Extracts from an 1857 trades directory, for LUNDY ISLAND
Transcribed by John BISHOP <100041.1516[at]compuserve[dot]com>
and made available with his kind permission.
Lundy Island, situate in the Bristol Channel, about 16 nautical miles N.N.W. from Clovelly, is a detached extra-parochial member of the Braunton Hundred, containing about 1850 acres of land,and a population in 1851 of 34 inhabitants.
The island, on account of the lofty rocks by which it is encompassed, is almost inaccessible, except by a narrow entrance on the eastern side, where a small beach admits an approach, and even this at times is very dangerous, vessels not being able to make the land, though sheltered by a detached portion of rock called the Isle of Rats. The Island rises to a height of 800 feet above the level of the sea, and is terminated by a lofty pyramidal rock called Constable. From the quantities of human bones discovered at different times, it is evident that it must have been more populous than at present. The chief attractions on the island are what is called Morisco's Castle, and the ruins of St. Anne's Chapel; the castle is near the south-east end, and was strongly fortified with large outworks and a ditch.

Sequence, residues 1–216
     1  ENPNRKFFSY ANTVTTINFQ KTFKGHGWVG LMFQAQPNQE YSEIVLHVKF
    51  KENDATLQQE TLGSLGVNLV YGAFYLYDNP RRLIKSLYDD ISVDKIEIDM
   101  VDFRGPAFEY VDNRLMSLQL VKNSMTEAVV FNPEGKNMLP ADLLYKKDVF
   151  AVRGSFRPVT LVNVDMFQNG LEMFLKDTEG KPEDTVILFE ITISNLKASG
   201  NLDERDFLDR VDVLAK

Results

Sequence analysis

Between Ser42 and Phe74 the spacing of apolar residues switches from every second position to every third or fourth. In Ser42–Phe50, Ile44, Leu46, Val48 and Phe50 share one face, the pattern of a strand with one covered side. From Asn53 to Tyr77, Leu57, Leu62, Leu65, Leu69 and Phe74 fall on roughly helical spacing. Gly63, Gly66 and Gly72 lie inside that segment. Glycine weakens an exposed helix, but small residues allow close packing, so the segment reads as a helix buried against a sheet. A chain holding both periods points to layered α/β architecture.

The island was formerly the retreat of pirates and robbers, particularly of one William de Morisco, who in the reign of Henry III., fled hither, having been frustrated in an attempt to assassinate that monarch; he strongly fortified the place, and lived in comparative safety for some time, but was afterwards taken with sixteen of his followers, and executed here by command of his Majesty. Edward III., during his disturbed reign, was retiring to this island for safety, but was driven by contrary winds into Glamorganshire. During the Parliamentary war, it was held by Lord Saye and Sele for Charles I., and in the reign of William and Mary it was surprised by the French,who maintained themselves in it for a considerable time. About the middle of last century it was sold by the Government to a nobleman, who entrusted it to the care of Benson, a notorious smuggler and Member of Parliment, who was at length obliged to make a precipitate flight.
A vessel leaves Clovelly for the island, under the command of Captain Robert Lee, once a fortnight during the winter months, and once a week, and sometimes oftener, during the summer. The Island is famous for cattle feeding and butter, of which large quantities are exported. Messrs. Welch and Lewis, lighthouse-men.
Heaven H., Esq The Villa
Lee John, farmer
Brian Randell, 26 Aug 1999